LOS ANGELES — It’s Day 2 of Microsoft’s Professional Developers Conference and the next version of the company’s flagship operating system software, Windows 7, is on tap.
Steven Sinofsky, senior vice president of Windows and Windows Live engineering, is set to take the stage here to explain the new features of Windows 7 and his approach to building the product, which already appears markedly different than the process the company followed during development of Windows Vista.
(Update, 9:45 a.m.: Microsoft is announcing an online version of four of its most important Office applications, Word, Excel, PowerPoint and OneNote. Also, check this post for more updates from Sinofsky’s keynote, during which he confirmed that Windows 7 will run on low-cost “net book” computers.)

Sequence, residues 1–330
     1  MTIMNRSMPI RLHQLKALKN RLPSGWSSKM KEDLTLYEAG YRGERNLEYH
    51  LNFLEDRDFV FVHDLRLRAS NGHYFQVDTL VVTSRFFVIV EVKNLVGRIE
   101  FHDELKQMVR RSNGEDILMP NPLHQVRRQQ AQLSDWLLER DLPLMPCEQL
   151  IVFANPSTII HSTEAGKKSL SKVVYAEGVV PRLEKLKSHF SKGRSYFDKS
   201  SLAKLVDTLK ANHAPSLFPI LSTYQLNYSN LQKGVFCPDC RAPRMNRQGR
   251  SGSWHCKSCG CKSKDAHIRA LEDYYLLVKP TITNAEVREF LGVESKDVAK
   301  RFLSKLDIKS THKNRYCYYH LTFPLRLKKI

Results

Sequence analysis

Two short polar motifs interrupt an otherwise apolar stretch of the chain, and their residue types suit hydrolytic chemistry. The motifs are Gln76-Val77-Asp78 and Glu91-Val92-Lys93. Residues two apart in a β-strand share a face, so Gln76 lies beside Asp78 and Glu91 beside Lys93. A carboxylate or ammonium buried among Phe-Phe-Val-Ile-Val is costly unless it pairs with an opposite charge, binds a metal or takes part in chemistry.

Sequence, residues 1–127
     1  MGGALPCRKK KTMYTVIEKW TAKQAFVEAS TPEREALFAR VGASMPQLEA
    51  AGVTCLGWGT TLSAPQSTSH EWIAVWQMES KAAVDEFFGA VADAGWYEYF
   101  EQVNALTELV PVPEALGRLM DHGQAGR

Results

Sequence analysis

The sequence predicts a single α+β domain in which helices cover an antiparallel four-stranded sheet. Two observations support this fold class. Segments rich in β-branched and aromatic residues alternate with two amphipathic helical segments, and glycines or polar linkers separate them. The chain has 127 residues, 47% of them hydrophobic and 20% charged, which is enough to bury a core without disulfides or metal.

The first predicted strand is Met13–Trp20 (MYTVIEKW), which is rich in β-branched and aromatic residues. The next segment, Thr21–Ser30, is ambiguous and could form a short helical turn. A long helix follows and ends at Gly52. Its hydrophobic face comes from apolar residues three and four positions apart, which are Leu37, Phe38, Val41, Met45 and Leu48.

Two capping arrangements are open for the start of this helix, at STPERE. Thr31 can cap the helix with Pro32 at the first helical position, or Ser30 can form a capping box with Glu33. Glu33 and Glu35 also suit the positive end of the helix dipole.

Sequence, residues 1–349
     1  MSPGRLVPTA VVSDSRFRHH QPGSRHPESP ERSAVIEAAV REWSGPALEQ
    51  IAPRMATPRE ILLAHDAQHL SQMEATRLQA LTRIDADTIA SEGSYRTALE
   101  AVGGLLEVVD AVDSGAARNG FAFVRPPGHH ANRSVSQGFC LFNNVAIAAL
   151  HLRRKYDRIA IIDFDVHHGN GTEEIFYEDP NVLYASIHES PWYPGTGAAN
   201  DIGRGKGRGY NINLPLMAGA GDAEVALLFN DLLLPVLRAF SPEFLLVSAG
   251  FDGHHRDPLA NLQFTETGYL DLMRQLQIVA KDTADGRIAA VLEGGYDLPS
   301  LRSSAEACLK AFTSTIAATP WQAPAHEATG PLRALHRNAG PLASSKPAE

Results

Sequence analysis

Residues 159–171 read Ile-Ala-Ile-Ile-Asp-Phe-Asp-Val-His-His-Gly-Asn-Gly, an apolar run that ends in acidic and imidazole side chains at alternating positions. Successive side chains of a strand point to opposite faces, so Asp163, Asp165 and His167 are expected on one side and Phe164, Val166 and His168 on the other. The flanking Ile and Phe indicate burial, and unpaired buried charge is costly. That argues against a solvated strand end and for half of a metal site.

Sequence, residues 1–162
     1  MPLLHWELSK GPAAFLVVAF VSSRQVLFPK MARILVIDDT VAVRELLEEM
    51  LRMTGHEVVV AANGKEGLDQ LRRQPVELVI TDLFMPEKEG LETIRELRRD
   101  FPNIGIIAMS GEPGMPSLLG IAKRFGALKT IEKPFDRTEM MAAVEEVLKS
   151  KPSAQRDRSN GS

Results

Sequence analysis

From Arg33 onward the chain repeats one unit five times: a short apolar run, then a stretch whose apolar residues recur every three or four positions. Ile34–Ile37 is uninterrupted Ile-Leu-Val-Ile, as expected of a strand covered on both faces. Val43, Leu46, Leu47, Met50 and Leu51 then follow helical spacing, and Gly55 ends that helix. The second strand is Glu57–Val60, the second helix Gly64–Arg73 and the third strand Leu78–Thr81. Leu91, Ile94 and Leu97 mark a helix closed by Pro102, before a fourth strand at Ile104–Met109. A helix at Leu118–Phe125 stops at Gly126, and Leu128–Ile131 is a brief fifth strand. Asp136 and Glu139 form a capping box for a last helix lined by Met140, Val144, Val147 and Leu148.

This is the first time the company is talking in detail about Windows 7. The radio silence has been part of a deliberate campaign to manage expectations around the delivery day for Windows 7 and the features it will include. For now, the official target date is January 2010, three years after the launch of Vista.
Microsoft even created a new position within the Windows organization to manage its strategy for disclosure and messaging around Windows 7.
Today, the developers here are expected to be given a DVD with a pre-beta version of Windows 7. They will get a product key that unlocks the test code for one month. They key will expire in August 2009.
Check back throughout the morning for updates on Sinofsky’s presentation and the future of Windows.